A) He puts a positive spin on almost everything and everyone, not just himself — he’s just pathologically positive, at least in public. If you take a really comprehensive look at his interviews, you’ll actually find him admitting (however reluctantly) to his own faults FAR more often than he’s finding fault with others. Not so John or George. You’ll also find him much more upfront and clear-sighted about how his solo work doesn’t measure up to his work with The Beatles.
B) Paul has been taken to task for his worst moments (musically and personally) and commanded to EXPLAIN HIMSELF! in a way that is totally unprecedented for a music icon. Are we really so sure John or George would have handled that level of criticism more gracefully?
I mean, how is John’s justification for “How Do You Sleep?” in any way LESS of a slippery cop-out than anything Paul has ever said? And as far as I know, George never had to answer for any of his own poorer behavior (which by the way was probably due in no small part to the fact that Paul didn’t publicly bitch about them like they did about him).
For John, the best defense was a good offense. And of course John (and George) also had the advantage of a visible, self-righteous conviction, whereas with Paul (like Mythical Monkey said above) it’s often plain to see that he’s hedging, that he knows he’s hedging, and that he knows we know he’s hedging. It’s certainly an uncomfortable little tap-dance to watch; it’s so much easier to believe someone who believes their own propaganda. But it doesn’t make them more right, and it certainly doesn’t make them more cool.
Are we really so sure John or George would have handled that level of criticism more gracefully?
They didn’t, @Annie. Both John and George turned vicious as hell the moment fans (or interviewers) deigned to criticise their work, their passion of the moment, or even any of their life-choices.
In fact, the moment that both of them weren’t regularly lauded as superstars, both John and George retired. That’s their right, of course, but we know how they would’ve held up under the welter of critical disdain and periods of musical irrelevance that Paul has suffered. They would’ve quit–because in the end, both of them saw music as a job and a means to an end. Is there any doubt Paul lives to write and perform songs? That doesn’t make him a better person, but it is a good characteristic–love of the game–that seldom is mentioned.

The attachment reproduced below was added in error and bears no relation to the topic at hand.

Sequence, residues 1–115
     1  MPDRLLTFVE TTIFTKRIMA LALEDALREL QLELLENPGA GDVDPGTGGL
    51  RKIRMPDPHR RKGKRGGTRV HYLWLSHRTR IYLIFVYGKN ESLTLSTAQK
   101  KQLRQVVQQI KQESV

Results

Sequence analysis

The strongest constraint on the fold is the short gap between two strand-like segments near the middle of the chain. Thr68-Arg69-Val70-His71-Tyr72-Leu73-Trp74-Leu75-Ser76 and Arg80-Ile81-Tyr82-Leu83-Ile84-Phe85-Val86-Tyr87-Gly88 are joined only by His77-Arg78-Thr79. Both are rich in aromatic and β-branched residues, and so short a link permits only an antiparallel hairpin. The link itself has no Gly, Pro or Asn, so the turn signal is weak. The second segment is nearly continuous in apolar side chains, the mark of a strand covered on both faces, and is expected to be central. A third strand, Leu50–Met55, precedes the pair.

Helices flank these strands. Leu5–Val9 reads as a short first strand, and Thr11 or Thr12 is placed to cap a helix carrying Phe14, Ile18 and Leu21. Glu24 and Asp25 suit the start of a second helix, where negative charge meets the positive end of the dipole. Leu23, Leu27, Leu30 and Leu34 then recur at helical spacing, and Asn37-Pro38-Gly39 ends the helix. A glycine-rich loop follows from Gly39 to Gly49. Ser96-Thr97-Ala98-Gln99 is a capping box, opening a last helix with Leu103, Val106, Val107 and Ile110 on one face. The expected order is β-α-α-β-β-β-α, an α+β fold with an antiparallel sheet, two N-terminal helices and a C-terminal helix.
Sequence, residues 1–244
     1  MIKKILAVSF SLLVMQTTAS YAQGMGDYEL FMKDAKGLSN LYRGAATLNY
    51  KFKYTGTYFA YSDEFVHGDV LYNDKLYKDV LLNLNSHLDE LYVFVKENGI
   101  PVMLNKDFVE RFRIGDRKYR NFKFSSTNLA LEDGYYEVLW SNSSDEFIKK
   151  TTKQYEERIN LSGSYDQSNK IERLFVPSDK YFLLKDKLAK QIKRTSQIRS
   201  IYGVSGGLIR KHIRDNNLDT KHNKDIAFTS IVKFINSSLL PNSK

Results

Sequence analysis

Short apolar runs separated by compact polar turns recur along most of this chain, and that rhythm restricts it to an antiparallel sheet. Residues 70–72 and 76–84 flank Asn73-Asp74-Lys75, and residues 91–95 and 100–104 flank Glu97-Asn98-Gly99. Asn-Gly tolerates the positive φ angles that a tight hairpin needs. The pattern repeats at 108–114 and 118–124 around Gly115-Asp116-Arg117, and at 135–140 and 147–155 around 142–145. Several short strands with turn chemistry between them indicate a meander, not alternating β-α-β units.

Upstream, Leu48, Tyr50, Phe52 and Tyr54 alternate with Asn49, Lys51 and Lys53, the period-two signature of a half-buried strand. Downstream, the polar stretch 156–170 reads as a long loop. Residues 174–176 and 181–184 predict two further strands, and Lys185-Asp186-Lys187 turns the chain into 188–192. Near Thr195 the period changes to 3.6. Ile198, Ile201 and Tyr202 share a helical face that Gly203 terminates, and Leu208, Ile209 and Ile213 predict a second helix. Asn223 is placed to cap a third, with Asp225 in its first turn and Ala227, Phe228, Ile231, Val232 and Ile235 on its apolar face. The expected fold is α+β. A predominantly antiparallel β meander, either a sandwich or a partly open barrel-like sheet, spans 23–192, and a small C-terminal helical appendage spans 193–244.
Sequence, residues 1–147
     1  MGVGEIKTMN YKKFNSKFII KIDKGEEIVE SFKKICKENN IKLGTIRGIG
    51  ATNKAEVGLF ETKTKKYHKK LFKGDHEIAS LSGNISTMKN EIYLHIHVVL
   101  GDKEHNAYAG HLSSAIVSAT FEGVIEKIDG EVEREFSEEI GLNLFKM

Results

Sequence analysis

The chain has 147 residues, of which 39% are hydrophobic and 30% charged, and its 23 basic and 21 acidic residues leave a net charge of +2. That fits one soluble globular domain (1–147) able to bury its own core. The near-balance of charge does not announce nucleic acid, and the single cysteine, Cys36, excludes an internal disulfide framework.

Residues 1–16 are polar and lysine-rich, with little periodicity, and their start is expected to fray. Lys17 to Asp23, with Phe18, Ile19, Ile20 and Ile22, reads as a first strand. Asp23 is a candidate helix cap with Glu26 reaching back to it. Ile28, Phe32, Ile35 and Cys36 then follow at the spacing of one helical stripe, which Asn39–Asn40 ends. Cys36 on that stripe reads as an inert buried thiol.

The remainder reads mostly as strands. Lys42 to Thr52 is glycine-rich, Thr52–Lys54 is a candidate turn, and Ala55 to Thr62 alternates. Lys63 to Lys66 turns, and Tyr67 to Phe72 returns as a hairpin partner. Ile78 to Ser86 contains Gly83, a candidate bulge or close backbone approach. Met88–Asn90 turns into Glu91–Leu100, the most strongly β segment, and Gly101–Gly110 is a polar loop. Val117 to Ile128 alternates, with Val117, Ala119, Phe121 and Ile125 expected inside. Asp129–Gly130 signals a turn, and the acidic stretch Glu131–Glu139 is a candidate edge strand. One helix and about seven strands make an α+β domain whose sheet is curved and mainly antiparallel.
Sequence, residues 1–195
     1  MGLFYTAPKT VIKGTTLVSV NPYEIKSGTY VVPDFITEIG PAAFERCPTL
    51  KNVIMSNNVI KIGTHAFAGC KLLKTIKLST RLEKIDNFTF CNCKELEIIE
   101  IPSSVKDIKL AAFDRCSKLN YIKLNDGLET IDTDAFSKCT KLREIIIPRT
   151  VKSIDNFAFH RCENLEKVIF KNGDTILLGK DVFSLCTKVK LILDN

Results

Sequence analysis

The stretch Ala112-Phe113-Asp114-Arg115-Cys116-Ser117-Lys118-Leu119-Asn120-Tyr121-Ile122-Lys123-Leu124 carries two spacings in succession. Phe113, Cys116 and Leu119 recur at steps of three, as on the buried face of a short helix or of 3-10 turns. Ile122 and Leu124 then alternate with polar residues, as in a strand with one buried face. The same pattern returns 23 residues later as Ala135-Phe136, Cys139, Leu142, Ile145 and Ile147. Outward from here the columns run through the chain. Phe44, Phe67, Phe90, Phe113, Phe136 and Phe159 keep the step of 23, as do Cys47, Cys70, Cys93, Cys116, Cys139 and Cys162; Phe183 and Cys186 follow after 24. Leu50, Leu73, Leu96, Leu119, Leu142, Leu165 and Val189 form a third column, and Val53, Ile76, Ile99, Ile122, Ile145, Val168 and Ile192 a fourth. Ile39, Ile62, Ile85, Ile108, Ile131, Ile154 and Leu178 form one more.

I think the most revealing McCartney moment is during an interview in Wingspan, when Mary starts getting playful with her dad. It’s a sweet moment where they kick each other a bit. You see the real man for a second,but then he clearly realizes he’s on camera and shuts it down,becoming PAUL MCCARTNEY again. It’s akin to a moment in “The First US Visit”, when Paul hears the radio announcer talk about the Beatles reading ‘poetry’. For a moment he laughs and begins to say something,but then remembers the camera and…swoosh!…PAUL MCCARTNEY appears!
It’s also well to note: this guy has had a life full of devastating loss and heartache. From his mother to his wife to his brothers, he’s lost so much that the billions can never make up for. I’m sure his psyche must be even more scarred than Lennons in many ways.
[…] public Paul do the public things, and maintains a private person in a protected space. Nancy has talked about this extensively and well. For me, I think it’s summed up in Paul’s song “That Was Me“—which is […]
I have recently started to take on board a lot of the gripes about ‘showbiz’ that Van Morrison has set forth over the years. Despite his demeanour suggesting he’s incapable of other than gripes, he actually has it fairly nailed in that he attributes even individual fans’ unreasonable expectations of musicians to the culture of ‘rockist journalism’ (my term) that grew up in the likes of Rolling Stone after The Beatles’ revolutions. In this frame, someone like Paul McCartney is being ‘insincere’ when he doesn’t let you into the bathroom while he’s on the toilet. He must have something to hide and therefore more biographies are needed to extract that turd from the bowl for pictures.
In fact, Paul just tells people where to get off and does it pleasantly. It’s that simple.
@Michael: Paul’s supposed squareness only became public after the breakup, when John and George needed a stick to beat Paul with.”
And to be fair, John was looked on as a genius by the rock establishment before he was dead.
As for Drew who goes unchecked on here despite some flaming posts – Maybe Lennon fans read anti-John sentiment into any praise for Paul because there is anit-John sentiment in any praise for Paul? The opposite can also be true, but in the internet age it’s a landslide in Paul’s favor. JFC, I was actually enjoying a cute video of Paul and Linda doing “I Am Your Singer” at their farm with two of their kids frolicking. Then I made the mistake of looking at the comments (which as a John fan I avoid when watching Paul videos) and someone posted, “John and Yoko could never” and the comment favorited. Linda is the singing Lady Di now, but where was that from Paul fans during the ’70s? Why attack John and his wife on what should be a heart-warming video of Paul and his family? I know it’s only Youtube fans, but still I see this all the time and worse.